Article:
In a previous post (which can be found here), I mentioned the ‘impostor phenomenon’ and how I and many people I know who work in academia have experienced it in some form or another during their career. The ‘imposter syndrome’ (identified by Clance & Imes, 1978, pp. 1-2), the feeling that leads the self-declared impostors to believe that they are not intelligent and that anyone who thinks otherwise has simply been fooled, is usually accompanied by a fear that one...

Learning to Fail or Failing to Learn    

Nobody really talks about how or why his or her research failed, or what you are supposed to do when you can see that the fieldwork you are in the middle of might be doomed. Those who decide to leave their research uncompleted rarely write up their experiences, and so the lessons that can be learnt about what not to do during your research, and how to avoid a similar outcome, are forever lost in the private notebooks of the...

Why the Fracking “Haves” Come Out Ahead

Photograph taken by Joanne Koehler. This is a guest post by Jamie Longazel and Joanne Koehler.  Jamie is an Assistant Professor in the Department of Sociology, Anthropology, and Social Work at the University of Dayton.  Joanne is a recent graduate of the University of Dayton, receiving degrees in Sociology and Criminal Justice Studies. There is an interesting and potentially important fracking case going on New Mexico right now. The Mora County Commissioners passed the Community Water Rights and Local Self-Government Ordinance,...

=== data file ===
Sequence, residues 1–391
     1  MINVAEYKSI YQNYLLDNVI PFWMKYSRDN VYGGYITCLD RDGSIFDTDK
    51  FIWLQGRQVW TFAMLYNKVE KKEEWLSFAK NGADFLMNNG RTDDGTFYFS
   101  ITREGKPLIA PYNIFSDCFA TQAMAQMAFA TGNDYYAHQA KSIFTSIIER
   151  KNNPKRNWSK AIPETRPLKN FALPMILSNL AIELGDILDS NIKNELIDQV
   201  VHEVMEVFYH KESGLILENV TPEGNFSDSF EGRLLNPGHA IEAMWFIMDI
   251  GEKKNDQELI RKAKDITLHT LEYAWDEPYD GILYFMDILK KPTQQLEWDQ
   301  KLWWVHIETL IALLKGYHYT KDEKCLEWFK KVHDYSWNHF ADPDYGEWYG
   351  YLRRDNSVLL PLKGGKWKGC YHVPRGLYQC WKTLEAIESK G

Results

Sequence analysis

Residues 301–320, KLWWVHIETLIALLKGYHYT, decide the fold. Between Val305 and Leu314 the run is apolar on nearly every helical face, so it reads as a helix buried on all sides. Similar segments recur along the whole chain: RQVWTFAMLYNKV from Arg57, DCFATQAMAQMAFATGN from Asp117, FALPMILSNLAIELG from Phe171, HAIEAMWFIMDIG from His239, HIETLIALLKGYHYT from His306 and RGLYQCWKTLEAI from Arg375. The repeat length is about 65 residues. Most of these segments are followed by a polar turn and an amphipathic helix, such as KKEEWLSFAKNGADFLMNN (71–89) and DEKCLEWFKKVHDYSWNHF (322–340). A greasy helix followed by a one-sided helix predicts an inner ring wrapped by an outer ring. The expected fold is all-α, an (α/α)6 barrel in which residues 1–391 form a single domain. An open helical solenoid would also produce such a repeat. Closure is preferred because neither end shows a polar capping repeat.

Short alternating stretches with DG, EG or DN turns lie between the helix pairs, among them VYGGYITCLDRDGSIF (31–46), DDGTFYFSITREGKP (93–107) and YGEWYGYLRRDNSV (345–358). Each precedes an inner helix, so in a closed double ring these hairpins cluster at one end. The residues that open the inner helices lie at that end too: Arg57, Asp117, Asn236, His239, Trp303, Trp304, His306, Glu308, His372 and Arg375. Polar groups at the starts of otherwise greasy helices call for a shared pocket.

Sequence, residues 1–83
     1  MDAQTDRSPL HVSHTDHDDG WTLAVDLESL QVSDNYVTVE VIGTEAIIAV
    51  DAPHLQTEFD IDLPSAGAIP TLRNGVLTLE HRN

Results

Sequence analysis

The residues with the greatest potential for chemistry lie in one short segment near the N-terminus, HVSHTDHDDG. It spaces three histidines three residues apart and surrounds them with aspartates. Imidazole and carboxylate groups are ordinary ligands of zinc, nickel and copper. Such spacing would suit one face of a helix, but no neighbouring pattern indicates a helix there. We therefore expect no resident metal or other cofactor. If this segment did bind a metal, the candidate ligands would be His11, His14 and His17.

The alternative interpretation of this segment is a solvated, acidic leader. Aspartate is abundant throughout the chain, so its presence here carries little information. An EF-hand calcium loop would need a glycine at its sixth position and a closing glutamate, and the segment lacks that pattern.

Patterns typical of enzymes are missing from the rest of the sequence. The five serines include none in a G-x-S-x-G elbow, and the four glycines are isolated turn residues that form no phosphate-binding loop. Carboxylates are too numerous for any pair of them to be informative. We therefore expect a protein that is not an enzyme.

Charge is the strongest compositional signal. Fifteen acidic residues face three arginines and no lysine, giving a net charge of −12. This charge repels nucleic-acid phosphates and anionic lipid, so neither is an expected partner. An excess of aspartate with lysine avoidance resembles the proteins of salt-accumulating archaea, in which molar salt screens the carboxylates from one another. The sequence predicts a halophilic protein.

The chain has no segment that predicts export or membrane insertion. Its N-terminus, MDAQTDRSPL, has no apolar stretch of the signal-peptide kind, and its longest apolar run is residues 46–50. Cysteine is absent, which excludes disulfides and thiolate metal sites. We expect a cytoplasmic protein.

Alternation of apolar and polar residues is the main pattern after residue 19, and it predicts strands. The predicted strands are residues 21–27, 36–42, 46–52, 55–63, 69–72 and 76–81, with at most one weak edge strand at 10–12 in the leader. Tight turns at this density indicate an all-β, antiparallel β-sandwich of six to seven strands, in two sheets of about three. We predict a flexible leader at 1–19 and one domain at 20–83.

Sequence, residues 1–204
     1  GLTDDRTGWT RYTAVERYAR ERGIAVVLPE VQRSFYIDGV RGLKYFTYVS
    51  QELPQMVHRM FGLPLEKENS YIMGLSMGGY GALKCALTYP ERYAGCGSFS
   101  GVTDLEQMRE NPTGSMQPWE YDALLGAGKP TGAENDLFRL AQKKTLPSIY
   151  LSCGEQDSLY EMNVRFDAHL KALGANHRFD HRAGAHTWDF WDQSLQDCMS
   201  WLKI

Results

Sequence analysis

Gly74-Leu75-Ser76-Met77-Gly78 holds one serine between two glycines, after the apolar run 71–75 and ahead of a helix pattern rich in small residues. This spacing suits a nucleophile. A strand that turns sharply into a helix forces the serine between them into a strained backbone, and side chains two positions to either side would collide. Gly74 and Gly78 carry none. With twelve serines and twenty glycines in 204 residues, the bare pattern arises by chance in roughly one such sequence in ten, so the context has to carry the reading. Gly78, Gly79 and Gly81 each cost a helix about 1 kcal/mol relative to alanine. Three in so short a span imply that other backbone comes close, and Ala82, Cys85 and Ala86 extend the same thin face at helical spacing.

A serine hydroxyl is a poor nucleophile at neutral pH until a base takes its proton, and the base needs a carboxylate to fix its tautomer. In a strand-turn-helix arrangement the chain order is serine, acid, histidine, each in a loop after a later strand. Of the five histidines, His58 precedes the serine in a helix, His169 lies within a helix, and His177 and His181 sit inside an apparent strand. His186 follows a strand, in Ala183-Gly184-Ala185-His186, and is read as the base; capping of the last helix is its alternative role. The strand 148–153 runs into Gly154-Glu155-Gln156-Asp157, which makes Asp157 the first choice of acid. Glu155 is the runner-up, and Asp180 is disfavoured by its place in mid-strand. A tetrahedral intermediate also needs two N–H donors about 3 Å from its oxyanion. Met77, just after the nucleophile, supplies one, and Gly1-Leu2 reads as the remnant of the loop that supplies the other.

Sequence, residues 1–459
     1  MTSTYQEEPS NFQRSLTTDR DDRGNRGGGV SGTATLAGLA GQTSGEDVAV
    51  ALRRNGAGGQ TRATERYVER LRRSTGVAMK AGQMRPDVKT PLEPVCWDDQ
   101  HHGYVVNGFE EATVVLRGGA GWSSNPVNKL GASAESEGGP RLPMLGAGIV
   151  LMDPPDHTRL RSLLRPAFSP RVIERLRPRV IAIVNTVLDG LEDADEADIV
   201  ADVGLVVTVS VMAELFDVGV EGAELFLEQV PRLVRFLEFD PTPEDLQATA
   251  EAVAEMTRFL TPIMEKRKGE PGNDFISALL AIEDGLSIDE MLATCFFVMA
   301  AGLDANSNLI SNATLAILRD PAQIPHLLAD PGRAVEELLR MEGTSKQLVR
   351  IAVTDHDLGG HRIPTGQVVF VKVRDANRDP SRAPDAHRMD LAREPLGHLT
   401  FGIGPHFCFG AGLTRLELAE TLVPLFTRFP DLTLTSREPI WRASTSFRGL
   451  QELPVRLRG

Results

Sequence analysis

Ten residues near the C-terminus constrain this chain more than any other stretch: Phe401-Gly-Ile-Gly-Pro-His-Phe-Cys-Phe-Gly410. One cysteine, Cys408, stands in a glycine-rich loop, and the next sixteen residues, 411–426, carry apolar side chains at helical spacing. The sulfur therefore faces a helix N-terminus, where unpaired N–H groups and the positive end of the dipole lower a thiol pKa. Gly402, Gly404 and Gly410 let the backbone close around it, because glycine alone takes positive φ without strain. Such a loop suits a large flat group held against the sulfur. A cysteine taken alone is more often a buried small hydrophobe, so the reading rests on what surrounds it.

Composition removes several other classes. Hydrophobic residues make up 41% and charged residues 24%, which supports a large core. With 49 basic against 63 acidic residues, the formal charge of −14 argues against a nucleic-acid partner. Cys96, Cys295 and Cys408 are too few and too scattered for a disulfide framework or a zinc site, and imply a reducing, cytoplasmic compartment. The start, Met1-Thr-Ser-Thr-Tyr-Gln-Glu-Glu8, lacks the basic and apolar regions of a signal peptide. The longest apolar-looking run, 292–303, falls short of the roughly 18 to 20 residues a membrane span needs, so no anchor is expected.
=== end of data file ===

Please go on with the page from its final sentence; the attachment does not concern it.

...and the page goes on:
Don't Quote Me On This!

  I am not going to cite, quote or reference anyone in this post, and I wonder if that will change the opinion of those who read it. Does citing someone else make what I write more valid, more accurate or more valuable? Citation and referencing are an important part of academic writing; it is a painstaking, laborious and often frustrating process that is, unfortunately, unavoidable. Of course, I understand why it is necessary. When communicating ideas or concepts it is...